Why Socialists Should Join the Peace and Freedom Party

Open Letter to DSA, ISO, Socialist Alternative and all Socialists

Even though Bernie Sanders contributed to a popularization of the word socialism, we need to be clear that Sanders was not anti-capitalist, revolutionary socialist. His policies were a mixture of watered-down social-democracy, support for imperialist interventions abroad, and finally, loyalty to the Democratic Party through his support for Hillary Clinton.

Rather than attempt to reform the capitalist Democratic Party or the reformist Green Party, we call on the International Socialist Organization (ISO), the Democratic Socialists of America (DSA), Socialist Alternative (SA) and other socialists to build an independent, working-class, socialist electoral vehicle.

The Peace and Freedom Party is on the electoral ballot. It is an explicitly socialist party with a socialist program. It is a multi-tendency front composed of socialist organizations and independent socialist activists.

The Peace and Freedom Party is explicitly anti-imperialist, anti-racist, feminist, and pro-immigrant. In fact, it is the only party which allows openly undocumented immigrants to register and to run for leadership positions. Socialist parties and groups should be in this front to work together and present their own working-class candidates and demands. Continue reading

Resist Trump and the Democrats!

no-ban-no-wall

Papers for All!

Resist Trump and the Democrats!

No More Deportations!

Self Defense Is Not Enough! Build the Government of Workers and the Oppressed!

San Francisco is at war with Washington, D.C.

On Wednesday, January 25, 2017, Donald Trump, Republican President of the United States of America declared his intent to deny federal funding to all U.S. cities identified as “Sanctuary Cities” by their policy to not collaborate with the Immigration and Customs Enforcement Agency, AKA I.C.E—in arresting and deporting undocumented immigrants to their countries of origin.

Also on Wednesday, January 25, 2017, Ed Lee, Democratic Mayor of San Francisco, California, declared his intent to resist Trump’s strictures against “Sanctuary Cities” by continuing the policy of non-collaboration with I.C.E.

On Thursday, January 26, 2017, I.C.E. agents armed with batons presented arrest notices for two people at El Buen Samaritano, a family resource center and housing complex located in San Francisco’s Mission District, demanding they be turned over. Staff immediately responded in defense of the building, refusing to open the doors. We applaud the courage of these employees and pledge our voices and our strength to support them in their cause.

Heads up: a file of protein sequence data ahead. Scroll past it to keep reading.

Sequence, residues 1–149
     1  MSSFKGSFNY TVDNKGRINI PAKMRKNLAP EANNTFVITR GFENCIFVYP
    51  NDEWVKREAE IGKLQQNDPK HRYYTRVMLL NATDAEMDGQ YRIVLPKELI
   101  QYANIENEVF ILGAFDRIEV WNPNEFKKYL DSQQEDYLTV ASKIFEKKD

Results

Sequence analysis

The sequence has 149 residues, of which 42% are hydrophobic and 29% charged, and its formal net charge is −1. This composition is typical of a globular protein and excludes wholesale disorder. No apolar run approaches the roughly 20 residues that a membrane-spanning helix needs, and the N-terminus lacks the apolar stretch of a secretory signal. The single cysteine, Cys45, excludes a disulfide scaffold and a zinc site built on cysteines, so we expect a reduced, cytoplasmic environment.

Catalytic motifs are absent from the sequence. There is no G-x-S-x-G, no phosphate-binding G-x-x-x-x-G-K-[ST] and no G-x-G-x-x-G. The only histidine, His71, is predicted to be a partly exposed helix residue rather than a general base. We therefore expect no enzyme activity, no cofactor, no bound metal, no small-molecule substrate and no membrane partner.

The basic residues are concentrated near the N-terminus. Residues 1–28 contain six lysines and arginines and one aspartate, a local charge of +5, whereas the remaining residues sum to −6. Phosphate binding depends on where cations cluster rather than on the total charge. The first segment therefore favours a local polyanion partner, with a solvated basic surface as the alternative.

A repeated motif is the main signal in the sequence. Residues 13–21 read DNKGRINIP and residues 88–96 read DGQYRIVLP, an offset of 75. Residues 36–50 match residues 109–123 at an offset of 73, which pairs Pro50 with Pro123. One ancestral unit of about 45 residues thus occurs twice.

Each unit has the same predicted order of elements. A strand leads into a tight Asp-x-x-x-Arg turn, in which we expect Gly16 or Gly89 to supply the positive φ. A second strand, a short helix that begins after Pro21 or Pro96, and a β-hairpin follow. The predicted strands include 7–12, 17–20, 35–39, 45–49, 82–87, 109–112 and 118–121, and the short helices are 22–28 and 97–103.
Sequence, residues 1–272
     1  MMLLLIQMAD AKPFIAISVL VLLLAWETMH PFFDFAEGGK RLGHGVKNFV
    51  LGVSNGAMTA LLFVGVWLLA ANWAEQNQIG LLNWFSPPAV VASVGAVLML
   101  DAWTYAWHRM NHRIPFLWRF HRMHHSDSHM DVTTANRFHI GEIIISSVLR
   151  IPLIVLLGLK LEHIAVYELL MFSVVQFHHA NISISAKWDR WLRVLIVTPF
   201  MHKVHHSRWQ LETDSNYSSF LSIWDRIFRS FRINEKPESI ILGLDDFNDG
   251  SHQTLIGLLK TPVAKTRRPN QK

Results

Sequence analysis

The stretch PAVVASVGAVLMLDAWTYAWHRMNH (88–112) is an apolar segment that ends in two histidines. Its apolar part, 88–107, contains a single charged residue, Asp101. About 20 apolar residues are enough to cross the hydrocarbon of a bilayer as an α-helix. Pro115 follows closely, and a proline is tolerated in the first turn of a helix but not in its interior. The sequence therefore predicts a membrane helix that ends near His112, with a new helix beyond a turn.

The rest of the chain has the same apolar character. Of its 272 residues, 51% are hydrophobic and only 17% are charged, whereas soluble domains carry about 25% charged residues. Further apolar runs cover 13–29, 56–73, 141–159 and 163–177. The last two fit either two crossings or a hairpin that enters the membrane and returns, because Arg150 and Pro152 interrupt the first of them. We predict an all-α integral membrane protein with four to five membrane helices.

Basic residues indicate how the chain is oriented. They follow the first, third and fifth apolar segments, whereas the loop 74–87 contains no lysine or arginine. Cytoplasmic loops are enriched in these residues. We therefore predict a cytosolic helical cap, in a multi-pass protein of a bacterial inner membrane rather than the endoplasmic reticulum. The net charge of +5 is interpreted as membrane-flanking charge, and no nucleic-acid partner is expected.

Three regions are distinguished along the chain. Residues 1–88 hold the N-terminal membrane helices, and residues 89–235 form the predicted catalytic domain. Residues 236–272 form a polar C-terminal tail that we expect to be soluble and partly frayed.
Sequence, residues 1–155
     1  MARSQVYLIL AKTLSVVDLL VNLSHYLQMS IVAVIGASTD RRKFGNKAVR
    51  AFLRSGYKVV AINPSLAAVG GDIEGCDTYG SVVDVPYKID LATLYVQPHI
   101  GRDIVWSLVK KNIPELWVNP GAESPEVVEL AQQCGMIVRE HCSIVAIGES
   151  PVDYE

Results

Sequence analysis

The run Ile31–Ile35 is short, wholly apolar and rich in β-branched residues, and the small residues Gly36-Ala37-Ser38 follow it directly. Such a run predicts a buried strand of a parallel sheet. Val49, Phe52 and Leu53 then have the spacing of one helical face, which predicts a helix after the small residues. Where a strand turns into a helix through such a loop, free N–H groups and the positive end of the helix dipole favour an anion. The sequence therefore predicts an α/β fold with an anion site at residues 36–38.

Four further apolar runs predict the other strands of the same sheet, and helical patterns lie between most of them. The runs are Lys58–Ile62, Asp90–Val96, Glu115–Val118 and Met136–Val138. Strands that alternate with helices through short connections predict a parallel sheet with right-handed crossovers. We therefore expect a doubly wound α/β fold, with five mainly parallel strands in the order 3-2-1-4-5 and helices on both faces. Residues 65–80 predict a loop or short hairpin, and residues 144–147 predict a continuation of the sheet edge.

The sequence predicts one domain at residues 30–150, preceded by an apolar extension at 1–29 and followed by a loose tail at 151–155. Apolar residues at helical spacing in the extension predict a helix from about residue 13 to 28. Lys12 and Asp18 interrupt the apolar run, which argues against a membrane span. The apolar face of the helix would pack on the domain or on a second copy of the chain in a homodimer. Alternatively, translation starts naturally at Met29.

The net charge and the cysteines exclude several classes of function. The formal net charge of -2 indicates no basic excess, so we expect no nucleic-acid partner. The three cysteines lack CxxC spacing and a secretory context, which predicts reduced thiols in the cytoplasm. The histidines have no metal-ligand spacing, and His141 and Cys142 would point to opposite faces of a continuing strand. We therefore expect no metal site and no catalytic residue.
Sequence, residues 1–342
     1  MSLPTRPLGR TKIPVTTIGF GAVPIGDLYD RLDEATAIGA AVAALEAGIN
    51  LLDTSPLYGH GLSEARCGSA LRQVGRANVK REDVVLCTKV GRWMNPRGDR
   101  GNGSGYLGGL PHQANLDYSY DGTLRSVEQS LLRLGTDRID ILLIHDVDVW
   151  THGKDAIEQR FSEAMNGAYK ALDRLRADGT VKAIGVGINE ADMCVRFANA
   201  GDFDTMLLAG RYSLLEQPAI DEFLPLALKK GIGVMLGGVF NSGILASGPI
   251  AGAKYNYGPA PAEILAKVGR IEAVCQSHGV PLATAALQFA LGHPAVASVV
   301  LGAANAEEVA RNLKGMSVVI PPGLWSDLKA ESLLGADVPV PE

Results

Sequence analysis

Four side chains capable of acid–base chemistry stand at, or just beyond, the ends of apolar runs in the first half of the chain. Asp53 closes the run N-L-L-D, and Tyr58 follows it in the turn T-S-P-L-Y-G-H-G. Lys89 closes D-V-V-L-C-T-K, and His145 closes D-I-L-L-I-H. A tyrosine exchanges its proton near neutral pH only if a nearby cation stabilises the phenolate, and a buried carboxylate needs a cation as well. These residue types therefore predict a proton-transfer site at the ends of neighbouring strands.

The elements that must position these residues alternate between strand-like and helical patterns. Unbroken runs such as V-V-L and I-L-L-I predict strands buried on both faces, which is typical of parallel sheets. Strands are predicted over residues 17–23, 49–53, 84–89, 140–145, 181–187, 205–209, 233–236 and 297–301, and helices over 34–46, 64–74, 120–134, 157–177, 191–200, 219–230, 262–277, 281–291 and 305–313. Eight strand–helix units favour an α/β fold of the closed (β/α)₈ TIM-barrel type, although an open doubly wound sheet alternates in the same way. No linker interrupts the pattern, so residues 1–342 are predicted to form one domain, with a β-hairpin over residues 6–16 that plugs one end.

San Francisco is at war with Washington, D.C.

Many concluded that this “enforcement action” was aimed at enforcing President Trump’s draconian immigration policies. In truth, deployments of anti-immigration storm troopers like this one were regular occurrences under the regime of recent ex-President Barack Obama, known in the immigrant community as the “Deporter in Chief.” Trump’s policies are but amplifications of the continuous state terror against Black, Brown, incarcerated, and undocumented people under Democrats and Republicans alike.

It is past time that we organized to defend ourselves.

We should recognize Mayor Lee’s speech for what it is: a nice sentiment with almost no plan to actually prevent San Francisco’s undocumented immigrants from being deported. If Mayor Lee wants to play a real leadership role and not a phony one, he should:

  • Make any Sheriff’s Deputy or any police officer, including Sheriff Vicki Hennessy and Chief of Police William Scott, subject to immediate termination for collaboration with the I.C.E. or failure to report those who collaborate with I.C.E.
  • Place all resources of the Sheriff’s and Police Departments at the service of independent, democratic self-defense committees of immigrants, workers, and the oppressed.
  • Tax San Francisco’s real estate interests, big banks, and other downtown big businesses to recover any funds stripped from the City by the Trump Administration and place these funds at the disposal of independent, democratic self-defense committees of immigrants, workers, and the oppressed.